Huddersfield town centre
Victoria Jubilee Tower, Castle Hill
The heart of 100 villages
Huddersfield is among the largest towns in the country and the largest town and administrative centre of the metropolitan district of Kirklees.
With a population of around 434,000, Kirklees is the seventh most populous metropolitan district in the country, the figure representing one in every 150 of the UK population.
Some 243,000 of that number live in the 'Greater Huddersfield' or 'South Kirklees' area including the town itself and more than 100 small towns, villages
and hamlets in a hinterland of more than 100 square miles. Another 191,000 people live in 'North Kirklees', which includes several towns of which Dewsbury is the largest.
Despite its high population and increasingly delicate balance between housing and other land uses, the district remains one of the country's most attractive leisure areas. It includes Pennine moorland, parts of which are in the Peak District National Park and the National Trust Marsden Moor estate.
Blackmoorfoot, Meltham Cop and West Nab
Much of the local population is based around the valleys of the Rivers Holme, Colne and Dearne, Fenay Beck and Hall Dike while the River Calder lies just north of the Huddersfield area. High moorland valleys feed into some of Yorkshire's most scenic reservoirs. Deep valleys, moors and former mining activities have helped to maintain the area's unique character of a high density of distinct villages rather than urban sprawl.
Huddersfield railway station
Castle Hill and Berry Brow
The Victoria Jubilee Tower at Castle Hill overlooks Huddersfield, which has fine architecture, much of it dating from the town's Victorian expansion and including a grade one listed railway station.
Barbara Hepworth Building, University
Oastler Building, Huddersfield University
The town has also seen growth in recent years with the addition of new buildings at the University of Huddersfield, the creation of a new Kirklees College building and a recently-opened Huddersfield Leisure Centre.
The town has an award-winning modern stadium which hosts the soccer matches of Championship team Huddersfield Town, who were Yorkshire's only Premier League club in the 2017-18 and 2018-2019 seasons, and rugby league games of the Huddersfield Giants. It will also be a venue for a quarter-final match of the Rugby League World Cup, postponed from 2021 to 2022. Huddersfield is the birthplace of rugby league.
The Huddersfield area is the location of Britain's tallest free-standing structure and listed building, the TV tower at Emley Moor, which is taller than The Shard in London which claims fame as Western Europe's tallest inhabited building.
Huddersfield also has the country's longest and deepest canal tunnel, the Standedge Tunnel on the Huddersfield Narrow Canal, a historic contrast to the highest point on Britain's motorway network on the M62 just west of Huddersfield.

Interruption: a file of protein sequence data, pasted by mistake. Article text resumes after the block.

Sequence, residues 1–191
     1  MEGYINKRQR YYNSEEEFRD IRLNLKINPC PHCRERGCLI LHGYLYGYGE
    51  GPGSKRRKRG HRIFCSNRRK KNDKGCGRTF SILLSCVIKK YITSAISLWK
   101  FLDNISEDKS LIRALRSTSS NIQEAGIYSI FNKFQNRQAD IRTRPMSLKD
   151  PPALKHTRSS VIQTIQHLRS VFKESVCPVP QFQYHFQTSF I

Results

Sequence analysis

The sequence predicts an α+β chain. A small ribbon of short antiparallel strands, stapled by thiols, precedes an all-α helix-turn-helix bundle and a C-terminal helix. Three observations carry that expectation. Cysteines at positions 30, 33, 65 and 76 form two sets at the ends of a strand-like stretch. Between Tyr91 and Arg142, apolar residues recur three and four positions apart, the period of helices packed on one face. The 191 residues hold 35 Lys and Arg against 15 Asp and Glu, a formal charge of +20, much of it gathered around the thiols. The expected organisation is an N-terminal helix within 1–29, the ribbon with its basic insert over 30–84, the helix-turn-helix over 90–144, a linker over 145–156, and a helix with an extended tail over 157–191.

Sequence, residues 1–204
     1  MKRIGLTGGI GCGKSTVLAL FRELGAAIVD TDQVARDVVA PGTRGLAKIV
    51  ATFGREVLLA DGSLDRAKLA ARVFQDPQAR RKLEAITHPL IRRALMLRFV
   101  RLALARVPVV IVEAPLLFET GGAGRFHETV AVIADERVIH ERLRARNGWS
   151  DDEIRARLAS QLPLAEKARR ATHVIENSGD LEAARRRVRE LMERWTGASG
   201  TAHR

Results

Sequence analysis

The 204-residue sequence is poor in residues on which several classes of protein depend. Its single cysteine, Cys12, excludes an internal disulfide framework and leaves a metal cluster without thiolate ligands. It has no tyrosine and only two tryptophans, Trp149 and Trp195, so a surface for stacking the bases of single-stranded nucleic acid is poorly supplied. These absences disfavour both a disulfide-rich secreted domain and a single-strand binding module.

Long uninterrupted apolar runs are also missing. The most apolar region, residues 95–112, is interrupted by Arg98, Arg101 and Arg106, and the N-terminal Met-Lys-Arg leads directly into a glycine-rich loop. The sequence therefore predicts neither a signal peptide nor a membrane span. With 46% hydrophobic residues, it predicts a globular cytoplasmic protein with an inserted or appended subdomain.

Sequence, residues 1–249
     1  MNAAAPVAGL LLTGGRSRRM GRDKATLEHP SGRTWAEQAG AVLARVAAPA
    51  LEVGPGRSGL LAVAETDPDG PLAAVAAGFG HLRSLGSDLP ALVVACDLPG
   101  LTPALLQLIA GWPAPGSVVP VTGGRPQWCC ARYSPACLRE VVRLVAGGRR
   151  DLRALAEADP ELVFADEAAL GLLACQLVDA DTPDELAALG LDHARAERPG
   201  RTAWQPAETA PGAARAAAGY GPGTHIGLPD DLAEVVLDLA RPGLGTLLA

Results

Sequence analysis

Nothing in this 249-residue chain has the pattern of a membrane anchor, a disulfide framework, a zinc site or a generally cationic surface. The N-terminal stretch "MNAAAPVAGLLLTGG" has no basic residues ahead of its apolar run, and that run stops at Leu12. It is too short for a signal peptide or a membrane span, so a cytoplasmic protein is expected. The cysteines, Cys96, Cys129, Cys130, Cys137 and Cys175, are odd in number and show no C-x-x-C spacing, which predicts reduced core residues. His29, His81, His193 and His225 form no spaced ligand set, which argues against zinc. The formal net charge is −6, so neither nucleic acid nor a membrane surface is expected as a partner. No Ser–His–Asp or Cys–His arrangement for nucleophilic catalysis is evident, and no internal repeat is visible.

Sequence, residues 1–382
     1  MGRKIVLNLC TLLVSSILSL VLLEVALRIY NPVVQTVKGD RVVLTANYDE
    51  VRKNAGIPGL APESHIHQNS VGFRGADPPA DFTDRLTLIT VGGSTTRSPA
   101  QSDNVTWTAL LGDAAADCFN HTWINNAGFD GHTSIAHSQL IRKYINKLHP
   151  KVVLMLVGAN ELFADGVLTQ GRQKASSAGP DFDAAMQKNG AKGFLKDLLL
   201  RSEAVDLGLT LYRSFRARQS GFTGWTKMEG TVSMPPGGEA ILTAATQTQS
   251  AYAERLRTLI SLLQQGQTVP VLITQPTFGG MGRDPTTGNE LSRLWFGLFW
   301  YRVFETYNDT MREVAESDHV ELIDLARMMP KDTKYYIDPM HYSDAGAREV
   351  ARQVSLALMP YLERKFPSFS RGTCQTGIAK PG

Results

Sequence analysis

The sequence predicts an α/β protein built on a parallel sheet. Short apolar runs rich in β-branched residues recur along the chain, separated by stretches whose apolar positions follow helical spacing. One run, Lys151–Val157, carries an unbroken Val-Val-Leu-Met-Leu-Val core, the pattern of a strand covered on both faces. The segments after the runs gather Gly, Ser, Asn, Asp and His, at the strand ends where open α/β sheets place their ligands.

Huddersfield was on the route of the 2014 Tour de France cycle race, which passed through the area on Sunday July 6, 2014, it has also featured in several other cycle races, including the Tour de Yorkshire and town centre criteriums. Huddersfield was due to be one of the host towns of the postponed 2020 Tour de Yorkshire.
A millennium pie was the latest in a succession of world's largest pies to be made at Denby Dale, near Huddersfield.
Huddersfield has an international reputation for its music and its surrounding area has also become well-known for TV locations. The past list of programmes include Oh No It's Selwyn Frogitt, Wokenwell, Where The Heart Is, filmed around Slaithwaite, and most notably TV's longest-run comedy Last Of The Summer Wine, filmed mainly around Holmfirth. More recently Jamaica Inn, Remember Me and Happy Valley used locations in and around Huddersfield.
Huddersfield traditionally had industrial strengths in textile manufacture, chemicals, engineering and farming and to the east of the town coal mining. In recent years, though, many former manufacturing sites have been converted to residential and retail developments and sometimes to educational or commercial use. There has been increased diversity of remaining industry in the town, which now also includes retailers' warehouses. There has been the encouragement of media businesses to the town and the area also currently offers a great deal of town centre office space just 20 and 30 minutes from Leeds and Manchester city centres.
Commuters find Huddersfield is well-connected for rail and road travel. The town's impressive station, a connecting point on the TransPennine Express route, is the fourth busiest station in Yorkshire after Leeds, Sheffield and York with more than 250 trains per day. It is also close to M62 and M1 motorways. Train travellers can reach more than 100 other stations by rail within an hour including a direct link to Manchester airport, one of six airports providing air travel within easy reach of Huddersfield. The two nearest cities to Huddersfield are Wakefield and Bradford. Leeds and Manchester are very well connected while Yorkshire principal city York is only 50 minutes away. More than 100 small towns, villages and hamlets in the Huddersfield hinterland are well connected by rail or by bus.
If visiting the town for leisure, there are plenty of places to visit in the area and the town provides an excellent centre for travelling to other parts of the country. In addition to the Peak District National Park being just 15 minutes drive from Huddersfield town centre, the Yorkshire Dales National Park, North York Moors National Park and Lake District National Park are all within an hour to two hours away and Snowdonia National Park in Wales is just over two hours away.
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